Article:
Bousta Beanies.

Lately I am enamored of Gudrun Johnston’s “Bousta Beanie,” the official hat pattern of Shetland Wool Week 2017. I downloaded it from Ravelry as soon as it was published back in March, but it zoomed to the top of my queue when a knitter brought one in for show and tell.

This is Kerry’s first “Bousta Beanie,” knit with Brooklyn Tweed Loft. Her bold color choice perfectly complements the graphic motif of the pattern, an eye-catching combination. While I snapped pictures, muttering about how badly I wanted to knit one of my own, Kerry selected a second colorway in Jamieson’s Shetland Spindrift. Now that I’ve cast on for a “Bousta Beanie,” I can understand how this might happen. It’s downright exhilarating to watch the colors come together, to see how one affects another depending upon the placement, and it gives you ideas for the next hat.

I’m knitting mine in the brand new Tukuwool Fingering, a Finnish wool that is as well-suited to stranded colorwork as Shetland wool. I have little to no interest in wearing hats, but I still like to make them now and again, usually to audition a yarn that intrigues me. I chose colors I’m somewhat inexplicably drawn to, though they’re nowhere to be seen in my wardrobe. Simply put: knitting this “Bousta Beanie” has been somewhat impulsive, and deliciously fun.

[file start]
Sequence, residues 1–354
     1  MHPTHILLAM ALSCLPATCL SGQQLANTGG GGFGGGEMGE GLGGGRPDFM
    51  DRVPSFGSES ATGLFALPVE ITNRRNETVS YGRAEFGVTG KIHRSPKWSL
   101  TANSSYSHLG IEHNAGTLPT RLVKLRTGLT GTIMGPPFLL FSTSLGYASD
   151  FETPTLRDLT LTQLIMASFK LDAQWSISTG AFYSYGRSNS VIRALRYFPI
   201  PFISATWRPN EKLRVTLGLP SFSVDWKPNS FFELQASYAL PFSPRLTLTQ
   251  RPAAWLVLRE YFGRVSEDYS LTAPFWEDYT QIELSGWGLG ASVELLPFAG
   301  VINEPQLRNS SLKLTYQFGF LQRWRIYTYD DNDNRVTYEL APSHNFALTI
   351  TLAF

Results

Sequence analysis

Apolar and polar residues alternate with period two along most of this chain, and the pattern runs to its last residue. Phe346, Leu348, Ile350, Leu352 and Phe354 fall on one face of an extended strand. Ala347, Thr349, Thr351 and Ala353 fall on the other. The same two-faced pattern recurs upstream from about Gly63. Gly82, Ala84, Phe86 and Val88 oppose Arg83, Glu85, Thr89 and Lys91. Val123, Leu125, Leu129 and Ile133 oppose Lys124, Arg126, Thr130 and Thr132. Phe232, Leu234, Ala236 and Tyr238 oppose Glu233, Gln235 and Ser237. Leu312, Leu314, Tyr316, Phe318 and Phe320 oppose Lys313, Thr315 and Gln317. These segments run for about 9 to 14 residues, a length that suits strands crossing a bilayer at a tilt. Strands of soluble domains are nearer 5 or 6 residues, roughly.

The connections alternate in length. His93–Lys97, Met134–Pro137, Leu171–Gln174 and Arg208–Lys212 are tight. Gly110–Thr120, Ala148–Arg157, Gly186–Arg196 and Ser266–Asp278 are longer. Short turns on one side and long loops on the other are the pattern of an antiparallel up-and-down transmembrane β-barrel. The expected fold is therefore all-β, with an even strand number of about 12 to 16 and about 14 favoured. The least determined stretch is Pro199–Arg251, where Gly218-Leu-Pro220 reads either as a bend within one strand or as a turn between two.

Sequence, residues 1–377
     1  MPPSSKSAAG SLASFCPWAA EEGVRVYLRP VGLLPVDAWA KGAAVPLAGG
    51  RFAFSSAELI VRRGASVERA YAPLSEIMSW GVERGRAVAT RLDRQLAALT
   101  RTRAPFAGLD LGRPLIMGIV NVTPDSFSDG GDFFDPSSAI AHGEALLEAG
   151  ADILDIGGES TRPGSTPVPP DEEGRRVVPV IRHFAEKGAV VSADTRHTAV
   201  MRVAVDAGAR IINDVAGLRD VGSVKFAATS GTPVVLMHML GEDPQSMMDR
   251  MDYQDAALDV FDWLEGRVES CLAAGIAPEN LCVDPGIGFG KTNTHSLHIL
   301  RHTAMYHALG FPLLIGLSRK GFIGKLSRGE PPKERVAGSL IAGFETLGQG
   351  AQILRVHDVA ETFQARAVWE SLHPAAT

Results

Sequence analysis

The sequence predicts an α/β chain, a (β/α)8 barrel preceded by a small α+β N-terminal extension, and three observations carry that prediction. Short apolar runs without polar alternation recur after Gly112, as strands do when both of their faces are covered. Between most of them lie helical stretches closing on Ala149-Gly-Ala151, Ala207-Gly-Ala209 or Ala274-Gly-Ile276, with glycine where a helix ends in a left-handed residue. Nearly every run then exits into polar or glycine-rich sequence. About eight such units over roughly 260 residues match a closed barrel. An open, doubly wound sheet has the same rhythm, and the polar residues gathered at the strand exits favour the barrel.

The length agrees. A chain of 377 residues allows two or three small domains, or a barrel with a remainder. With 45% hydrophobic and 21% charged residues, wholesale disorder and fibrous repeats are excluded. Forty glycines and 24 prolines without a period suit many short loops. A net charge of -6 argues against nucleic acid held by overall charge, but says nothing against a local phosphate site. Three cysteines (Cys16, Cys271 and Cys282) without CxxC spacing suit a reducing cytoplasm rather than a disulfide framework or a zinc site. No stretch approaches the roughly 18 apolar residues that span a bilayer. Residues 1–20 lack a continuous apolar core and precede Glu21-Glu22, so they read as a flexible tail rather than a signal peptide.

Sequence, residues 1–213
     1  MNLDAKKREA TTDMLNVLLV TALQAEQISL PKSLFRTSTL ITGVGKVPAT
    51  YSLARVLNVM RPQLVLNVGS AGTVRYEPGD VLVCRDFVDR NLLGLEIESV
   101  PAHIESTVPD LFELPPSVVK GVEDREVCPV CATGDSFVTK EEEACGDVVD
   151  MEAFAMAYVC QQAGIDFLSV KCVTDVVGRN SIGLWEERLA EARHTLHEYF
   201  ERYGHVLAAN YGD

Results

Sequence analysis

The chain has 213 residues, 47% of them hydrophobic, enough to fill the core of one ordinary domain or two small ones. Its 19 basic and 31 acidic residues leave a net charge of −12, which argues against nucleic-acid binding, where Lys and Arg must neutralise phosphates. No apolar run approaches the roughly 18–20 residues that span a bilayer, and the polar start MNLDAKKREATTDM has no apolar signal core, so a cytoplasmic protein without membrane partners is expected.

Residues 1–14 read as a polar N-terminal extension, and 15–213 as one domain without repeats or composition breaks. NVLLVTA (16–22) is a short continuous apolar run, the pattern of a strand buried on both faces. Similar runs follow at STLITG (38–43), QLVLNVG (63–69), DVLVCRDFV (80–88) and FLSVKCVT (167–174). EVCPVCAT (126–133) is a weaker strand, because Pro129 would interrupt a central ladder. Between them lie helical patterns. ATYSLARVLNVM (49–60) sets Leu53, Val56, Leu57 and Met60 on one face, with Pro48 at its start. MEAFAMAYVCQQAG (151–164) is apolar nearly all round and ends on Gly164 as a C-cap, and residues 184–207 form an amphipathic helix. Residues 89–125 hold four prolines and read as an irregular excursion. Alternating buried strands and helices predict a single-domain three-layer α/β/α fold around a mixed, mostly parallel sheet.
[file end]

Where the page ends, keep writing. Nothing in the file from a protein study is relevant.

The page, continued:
Anne is starting a “Bousta Beanie” in Tukuwool Fingering, too, a playful combination of mustard yellow, red, and natural gray. Here are a few more “Bousta Beanie” color ideas, since I can hardly keep my hands out of the Tukuwool basket.

Consider these a jumping-off point as you dream up your own colorway, which I can’t wait to see!

Don’t stop at Tukuwool, however – we have many lovely fingering weight yarns that are well-suited to this pattern. Consider Baa Ram Ewe Titus, Fibre Co. Cumbria Fingering, and Isager Alpaca 2 along with Loft and Shetland Spindrift. See you at the shop!

BT Yokes Trunk Show!

Our walls are newly decorated with a Brooklyn Tweed Trunk Show! Visit us by Sunday, May 28th, to see the BT Yokes collection in all its glory.

BT Yokes is primarily a collection of pullover sweaters, though there are a couple of cleverly shaped cowls in the group. All of these pieces are informed by a long tradition of handknit sweaters with circular yokes across the North Atlantic. Read more about it on the BT blog for greater insight into that history, and if your interest is piqued, come by the shop to pick up a copy of Kate Davies’ superb Yokes.

Some of the garments in the BT Yokes collection are knit with Loft, and others with Shelter; one chunky cabled pullover is made with Quarry, Brooklyn Tweed’s bulky weight yarn. Though we don’t currently stock Quarry here at the shop, we’re happy to special order it for you, and we do have the colorcard so you can see all the shades in person.